In a surprising turn of events, a well-known bank has become implicated in a big money mortgage fraud case. The man making the allegations of fraud against the bank has now filed a massive $3 million lawsuit in Florida's Palm Beach County Circuit Court. It claims that the bank used fraudulent means to get the man and his wife to mortgage the homes they owned. One was in Raleigh, North Carolina, and the other two were both in Florida. He says that the bank presented an investment scheme that was portrayed as having minimal risk while being a great wealth-building opportunity.
The case is attracting a particular amount of interest because the man making the accusations is a high-profile professional hockey coach. His past successes in his work have included leading a team to a Stanley Cup victory. In his suit, he says that he was approached by a subsidiary of the bank that focuses on securities. According to his statement, they gave him a 12-page proposal asserting that he could safely leverage all of the equity available in each of his properties.
The proposal communicated that doing so would result in securing multiple high-interest loans. It went on, according to the allegations, to say that the money from those loans would be invested in sound though high-risk investments.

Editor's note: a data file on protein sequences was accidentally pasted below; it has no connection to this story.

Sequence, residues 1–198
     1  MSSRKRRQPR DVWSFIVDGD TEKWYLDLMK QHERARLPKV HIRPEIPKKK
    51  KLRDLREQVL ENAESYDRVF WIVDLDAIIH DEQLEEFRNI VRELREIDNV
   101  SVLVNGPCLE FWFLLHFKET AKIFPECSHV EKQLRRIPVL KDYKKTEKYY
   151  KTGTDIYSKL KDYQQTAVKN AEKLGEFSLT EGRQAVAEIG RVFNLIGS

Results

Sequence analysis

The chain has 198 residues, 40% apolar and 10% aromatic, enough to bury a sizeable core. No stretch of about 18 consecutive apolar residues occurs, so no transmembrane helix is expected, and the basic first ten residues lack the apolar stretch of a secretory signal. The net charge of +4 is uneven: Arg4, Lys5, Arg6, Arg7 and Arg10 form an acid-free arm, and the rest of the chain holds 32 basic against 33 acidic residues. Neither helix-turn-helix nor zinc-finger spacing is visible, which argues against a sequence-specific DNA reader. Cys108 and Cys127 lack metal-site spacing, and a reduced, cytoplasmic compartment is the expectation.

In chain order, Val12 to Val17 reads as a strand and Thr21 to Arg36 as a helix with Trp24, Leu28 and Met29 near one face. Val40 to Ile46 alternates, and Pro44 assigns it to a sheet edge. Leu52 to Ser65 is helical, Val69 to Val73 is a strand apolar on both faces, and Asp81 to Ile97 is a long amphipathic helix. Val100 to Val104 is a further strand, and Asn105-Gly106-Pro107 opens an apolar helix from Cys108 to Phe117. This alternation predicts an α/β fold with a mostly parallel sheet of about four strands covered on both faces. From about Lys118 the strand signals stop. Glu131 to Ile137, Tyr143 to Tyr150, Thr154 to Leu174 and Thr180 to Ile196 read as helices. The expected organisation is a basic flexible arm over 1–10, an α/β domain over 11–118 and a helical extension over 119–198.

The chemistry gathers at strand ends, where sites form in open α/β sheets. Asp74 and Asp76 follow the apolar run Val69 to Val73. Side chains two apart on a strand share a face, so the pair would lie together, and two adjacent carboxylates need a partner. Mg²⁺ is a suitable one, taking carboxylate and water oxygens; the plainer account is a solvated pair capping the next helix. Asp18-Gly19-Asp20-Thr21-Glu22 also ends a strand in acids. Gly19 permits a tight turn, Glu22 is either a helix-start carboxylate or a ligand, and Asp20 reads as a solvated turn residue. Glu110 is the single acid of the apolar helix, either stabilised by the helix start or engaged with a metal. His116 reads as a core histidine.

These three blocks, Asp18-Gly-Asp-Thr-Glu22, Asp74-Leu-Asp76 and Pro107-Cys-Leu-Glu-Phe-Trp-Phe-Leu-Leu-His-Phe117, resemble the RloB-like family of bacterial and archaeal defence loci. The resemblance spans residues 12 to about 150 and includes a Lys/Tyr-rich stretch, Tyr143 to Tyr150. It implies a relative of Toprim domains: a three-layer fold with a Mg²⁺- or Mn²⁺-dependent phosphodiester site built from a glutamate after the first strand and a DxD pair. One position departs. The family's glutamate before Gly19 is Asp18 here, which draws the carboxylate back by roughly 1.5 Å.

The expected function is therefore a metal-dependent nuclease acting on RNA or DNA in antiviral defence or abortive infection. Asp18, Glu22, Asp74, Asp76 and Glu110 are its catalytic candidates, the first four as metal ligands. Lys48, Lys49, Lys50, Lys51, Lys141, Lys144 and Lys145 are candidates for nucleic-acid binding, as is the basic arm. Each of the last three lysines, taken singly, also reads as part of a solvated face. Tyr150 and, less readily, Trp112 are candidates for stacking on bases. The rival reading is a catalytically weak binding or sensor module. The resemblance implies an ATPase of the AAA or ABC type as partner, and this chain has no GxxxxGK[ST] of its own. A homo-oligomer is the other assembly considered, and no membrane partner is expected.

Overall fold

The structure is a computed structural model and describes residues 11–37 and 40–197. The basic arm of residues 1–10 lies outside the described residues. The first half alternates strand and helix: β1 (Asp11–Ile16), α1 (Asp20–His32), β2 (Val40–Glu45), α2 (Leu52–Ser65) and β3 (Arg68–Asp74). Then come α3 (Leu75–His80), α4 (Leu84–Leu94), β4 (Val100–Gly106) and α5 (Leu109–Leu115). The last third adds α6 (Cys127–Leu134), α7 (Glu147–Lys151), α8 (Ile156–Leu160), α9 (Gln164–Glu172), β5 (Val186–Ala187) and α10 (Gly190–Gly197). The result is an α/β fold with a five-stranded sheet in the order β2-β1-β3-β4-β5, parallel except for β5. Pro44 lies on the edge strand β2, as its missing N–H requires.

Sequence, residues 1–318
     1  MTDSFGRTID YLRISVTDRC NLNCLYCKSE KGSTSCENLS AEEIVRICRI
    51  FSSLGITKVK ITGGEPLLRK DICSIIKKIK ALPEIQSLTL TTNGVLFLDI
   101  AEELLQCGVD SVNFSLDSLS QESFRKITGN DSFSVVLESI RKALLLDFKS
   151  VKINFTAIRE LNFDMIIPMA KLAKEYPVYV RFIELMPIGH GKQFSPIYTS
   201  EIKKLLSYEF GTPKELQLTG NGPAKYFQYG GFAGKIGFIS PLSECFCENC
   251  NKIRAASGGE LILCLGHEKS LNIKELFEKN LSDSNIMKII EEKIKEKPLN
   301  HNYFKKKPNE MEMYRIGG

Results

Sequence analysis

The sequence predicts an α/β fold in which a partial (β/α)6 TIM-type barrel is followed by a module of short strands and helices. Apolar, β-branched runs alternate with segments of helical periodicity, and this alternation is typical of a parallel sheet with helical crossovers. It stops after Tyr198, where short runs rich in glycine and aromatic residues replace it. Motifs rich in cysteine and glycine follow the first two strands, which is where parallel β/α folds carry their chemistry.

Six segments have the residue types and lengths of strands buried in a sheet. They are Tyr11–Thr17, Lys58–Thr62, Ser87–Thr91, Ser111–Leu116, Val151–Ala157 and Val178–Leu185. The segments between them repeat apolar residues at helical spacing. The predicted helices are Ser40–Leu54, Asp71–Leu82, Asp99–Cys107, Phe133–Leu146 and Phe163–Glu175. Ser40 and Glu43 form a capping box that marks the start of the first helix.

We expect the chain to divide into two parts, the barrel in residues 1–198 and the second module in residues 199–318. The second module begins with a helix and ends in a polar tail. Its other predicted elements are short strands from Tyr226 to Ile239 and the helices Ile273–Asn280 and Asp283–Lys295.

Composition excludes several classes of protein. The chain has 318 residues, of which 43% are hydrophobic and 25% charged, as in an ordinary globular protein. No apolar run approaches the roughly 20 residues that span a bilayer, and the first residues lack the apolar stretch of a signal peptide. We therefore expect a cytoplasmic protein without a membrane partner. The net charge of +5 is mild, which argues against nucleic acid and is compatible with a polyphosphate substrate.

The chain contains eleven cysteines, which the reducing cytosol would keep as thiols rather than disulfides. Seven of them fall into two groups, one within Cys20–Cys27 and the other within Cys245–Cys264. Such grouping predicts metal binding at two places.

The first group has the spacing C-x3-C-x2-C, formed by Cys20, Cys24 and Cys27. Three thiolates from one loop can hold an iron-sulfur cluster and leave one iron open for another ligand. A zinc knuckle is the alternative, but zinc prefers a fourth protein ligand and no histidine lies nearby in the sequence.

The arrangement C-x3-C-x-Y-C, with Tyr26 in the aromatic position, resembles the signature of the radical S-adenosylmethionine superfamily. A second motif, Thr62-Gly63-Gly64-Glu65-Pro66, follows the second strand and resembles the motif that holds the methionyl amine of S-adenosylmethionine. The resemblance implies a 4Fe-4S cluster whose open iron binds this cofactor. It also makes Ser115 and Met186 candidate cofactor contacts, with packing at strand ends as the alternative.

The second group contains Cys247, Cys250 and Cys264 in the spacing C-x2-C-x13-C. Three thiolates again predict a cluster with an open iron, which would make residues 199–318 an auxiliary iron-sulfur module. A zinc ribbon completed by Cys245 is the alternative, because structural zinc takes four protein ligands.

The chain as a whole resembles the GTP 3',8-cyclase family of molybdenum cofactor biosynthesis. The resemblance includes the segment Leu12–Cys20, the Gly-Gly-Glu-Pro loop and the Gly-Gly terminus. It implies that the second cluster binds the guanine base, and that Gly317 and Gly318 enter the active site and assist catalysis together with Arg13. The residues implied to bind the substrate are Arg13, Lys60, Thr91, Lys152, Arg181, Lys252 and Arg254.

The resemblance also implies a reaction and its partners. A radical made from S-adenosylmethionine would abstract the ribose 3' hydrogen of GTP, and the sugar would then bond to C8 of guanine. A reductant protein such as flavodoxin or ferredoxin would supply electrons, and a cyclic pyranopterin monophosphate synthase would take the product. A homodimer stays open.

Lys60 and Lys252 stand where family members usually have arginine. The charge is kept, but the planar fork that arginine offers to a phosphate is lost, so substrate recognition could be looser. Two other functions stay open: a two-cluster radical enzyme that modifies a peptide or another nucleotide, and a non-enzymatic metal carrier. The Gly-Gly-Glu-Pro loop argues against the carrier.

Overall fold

The overall deal was supposed to increase the net worth of the man and his wife from $48 million to $22 million across 30 years.
However, the complaint says, the proposal's projections relied on over-inflated valuations of the properties. It failed to generate sufficient revenue to cover the interest on the loans, and was such a disaster that there was a loss of principal for the couple also.
Mortgage fraud cases affect individuals and financial institutions in states like Florida every year. Cases of mortgage fraud should be thoroughly investigated to make clear determinations of the facts that will influence court decisions.
Philly.com, "Laviolettes sue Bank of America alleging fraud in mortgage proposal" Frank Seravalli, Oct. 06, 2013